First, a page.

The rise of the next scientific leaders in environmental science – Open Wilding Project
This post is greater than 6 months old - links may be broken or out of date. Proceed with caution!
Launched by a community of current students spread across the United Kingdom, The Open Wilding Project is empowering the next generation of scientists and specialists.
Each year, opportunities for student jobs, work experience, research and investigation become more and more difficult, with the sector heavily saturated with part to full time only volunteer opportunities that are inflexible and hard to come by, and employers requiring academic and practical experience, leaving graduates discouraged and eventually abandoning a profession in nature.
We are changing that.
There are 3 roots to the Open Wilding Project: environment, students, and community.
Through our environment root, we will take on land, either gifted, sponsored or purchased, and develop it into sustainable and resilient ecosystems in the face of climate change directed by the combined knowledge of our members and specialist advisors.
We work with what is there and utilise the natural resources to the benefit of the land, wildlife, community, and wider environment. No parcel of the Earth is too small to support, and none is too big. You can read all about our land management process in our scientific framework here
Our students are the driving force behind the organisation and are known as our second root. We are all equally invested in seeing and creating change and this organisation was created from an absolute passion to do better, as individuals and as students of the Earth.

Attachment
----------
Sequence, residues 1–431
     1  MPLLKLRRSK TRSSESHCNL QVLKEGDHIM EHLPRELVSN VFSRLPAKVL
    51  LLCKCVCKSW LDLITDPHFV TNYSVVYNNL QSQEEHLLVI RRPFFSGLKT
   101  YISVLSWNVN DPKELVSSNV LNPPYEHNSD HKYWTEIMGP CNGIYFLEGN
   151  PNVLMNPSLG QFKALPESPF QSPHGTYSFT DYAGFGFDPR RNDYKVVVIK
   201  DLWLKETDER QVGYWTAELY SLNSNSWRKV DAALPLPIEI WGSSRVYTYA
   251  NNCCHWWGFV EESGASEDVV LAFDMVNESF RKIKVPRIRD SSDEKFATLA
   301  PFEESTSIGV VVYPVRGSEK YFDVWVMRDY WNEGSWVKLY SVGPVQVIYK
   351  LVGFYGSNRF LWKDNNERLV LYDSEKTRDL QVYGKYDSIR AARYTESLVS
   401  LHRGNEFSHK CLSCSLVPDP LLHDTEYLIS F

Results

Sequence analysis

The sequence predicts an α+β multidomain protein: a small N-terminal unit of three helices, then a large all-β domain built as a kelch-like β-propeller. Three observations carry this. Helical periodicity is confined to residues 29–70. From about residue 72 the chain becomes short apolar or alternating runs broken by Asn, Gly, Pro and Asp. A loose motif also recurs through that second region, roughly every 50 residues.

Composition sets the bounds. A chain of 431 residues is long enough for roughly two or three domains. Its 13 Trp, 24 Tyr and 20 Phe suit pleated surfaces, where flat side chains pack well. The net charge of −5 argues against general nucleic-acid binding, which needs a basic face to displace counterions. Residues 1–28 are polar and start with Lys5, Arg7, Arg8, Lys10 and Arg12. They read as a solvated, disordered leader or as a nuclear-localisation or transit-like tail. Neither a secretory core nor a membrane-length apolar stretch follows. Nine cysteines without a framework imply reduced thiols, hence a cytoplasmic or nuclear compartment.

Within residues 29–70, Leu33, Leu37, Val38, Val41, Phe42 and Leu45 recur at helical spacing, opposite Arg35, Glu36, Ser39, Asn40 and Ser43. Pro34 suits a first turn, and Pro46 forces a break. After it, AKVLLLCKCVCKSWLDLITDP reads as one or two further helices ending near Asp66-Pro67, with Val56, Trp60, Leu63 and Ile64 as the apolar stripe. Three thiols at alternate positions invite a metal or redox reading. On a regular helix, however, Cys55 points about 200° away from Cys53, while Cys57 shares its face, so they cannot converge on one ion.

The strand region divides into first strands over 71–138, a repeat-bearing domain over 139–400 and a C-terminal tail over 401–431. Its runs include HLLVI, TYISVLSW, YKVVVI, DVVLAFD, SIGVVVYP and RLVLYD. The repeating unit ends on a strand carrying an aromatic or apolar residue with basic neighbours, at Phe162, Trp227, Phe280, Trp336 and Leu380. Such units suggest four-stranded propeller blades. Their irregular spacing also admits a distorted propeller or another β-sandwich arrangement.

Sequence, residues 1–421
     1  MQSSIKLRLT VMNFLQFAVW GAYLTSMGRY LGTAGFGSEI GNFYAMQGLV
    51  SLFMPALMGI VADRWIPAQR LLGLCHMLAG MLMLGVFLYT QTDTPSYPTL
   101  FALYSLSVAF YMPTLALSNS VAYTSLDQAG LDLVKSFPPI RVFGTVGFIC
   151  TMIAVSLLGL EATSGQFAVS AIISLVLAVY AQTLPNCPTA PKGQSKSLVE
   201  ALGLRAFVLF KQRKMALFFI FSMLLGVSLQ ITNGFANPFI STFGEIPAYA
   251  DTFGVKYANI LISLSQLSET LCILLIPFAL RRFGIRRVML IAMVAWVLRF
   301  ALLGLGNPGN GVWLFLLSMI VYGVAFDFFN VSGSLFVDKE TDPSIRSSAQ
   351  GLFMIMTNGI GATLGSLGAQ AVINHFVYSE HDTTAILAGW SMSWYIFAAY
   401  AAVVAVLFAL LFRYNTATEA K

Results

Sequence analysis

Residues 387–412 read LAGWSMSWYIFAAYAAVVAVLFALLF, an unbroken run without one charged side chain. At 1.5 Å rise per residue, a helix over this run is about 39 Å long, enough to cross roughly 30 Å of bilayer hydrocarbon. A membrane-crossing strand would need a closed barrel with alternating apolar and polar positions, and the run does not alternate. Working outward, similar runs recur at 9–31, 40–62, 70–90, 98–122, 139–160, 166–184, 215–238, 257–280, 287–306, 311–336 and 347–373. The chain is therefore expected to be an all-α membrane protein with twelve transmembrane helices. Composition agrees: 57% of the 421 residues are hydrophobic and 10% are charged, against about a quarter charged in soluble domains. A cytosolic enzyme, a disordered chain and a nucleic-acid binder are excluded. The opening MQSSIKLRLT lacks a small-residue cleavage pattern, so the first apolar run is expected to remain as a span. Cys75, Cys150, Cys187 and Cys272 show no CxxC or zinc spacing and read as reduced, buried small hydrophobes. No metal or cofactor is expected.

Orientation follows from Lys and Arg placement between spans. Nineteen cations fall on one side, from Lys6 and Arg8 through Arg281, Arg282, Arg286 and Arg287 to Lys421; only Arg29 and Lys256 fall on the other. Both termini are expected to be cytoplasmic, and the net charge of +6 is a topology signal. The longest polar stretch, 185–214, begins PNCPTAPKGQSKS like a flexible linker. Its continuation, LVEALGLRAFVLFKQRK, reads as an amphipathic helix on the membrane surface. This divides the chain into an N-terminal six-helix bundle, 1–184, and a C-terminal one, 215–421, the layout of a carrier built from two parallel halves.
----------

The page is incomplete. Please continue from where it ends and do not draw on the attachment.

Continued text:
Currently, we are developing a network of organisations that can offer flexible, field training and work experience opportunities in exchange for the volunteered time of the student.
We listen to our student members and learn what they want to achieve and recommend them for placement. This isn’t a first come first serve system, it Is a process designed to champion each other and accelerate our learning and experience.
Founding member and director Crystal Rosen said, “The key to protecting the Earth is in listening and investing in our current students and the next generation of scientists and specialists. That is why the Open Wilding Project is so important. We’re tackling conservation in the UK like no one else - with the backing of our student community and their scientific knowledge. All of our learning is then recycled. Once a student has completed training, they can work to train other members and so on. Our entire process is circular, self-sustaining and efficient.”
Finally, our community root is about our connection with the Earth as a society. We are looking to develop community food forests, learning spaces, SEN gardens and outdoor classrooms and invite the public to join the Open Wilding Project under a public membership, a new initiative that should be rolling out in summer.
How to get involved:
- Join our network of organisations offering field experience opportunities. If you are part of an environmental science/ conservation/ rewilding etc organisation and have some time to spare to train some of our members, or a space for them on your volunteer cohort, please get in touch!
- Sign up as a member! If you are a student looking to gain field/ work experience and be a part of a community, go to https://openwildingproject.com/ to sign up.
- Keep an eye out for our public membership if you aren’t a student. Its available to anyone looking to gain experience in environmental sciences or looking for a career change.
- We’re currently looking for a piece of land to use as our first OWP site. If you have land that is underused or not efficiently supporting the environment, get in touch. We can work to manage land on your behalf, or gratefully accept as a gift to our social enterprise.
- We are pre-seed and are looking for financial backing. If you have found the pot at the end of the rainbow and would like to support a CIC in its startup phase, please contact firstname.lastname@example.org.
- Join our mailing list and read our environmental science articles at https://www.theclimatecorner.com/, our parent organisation.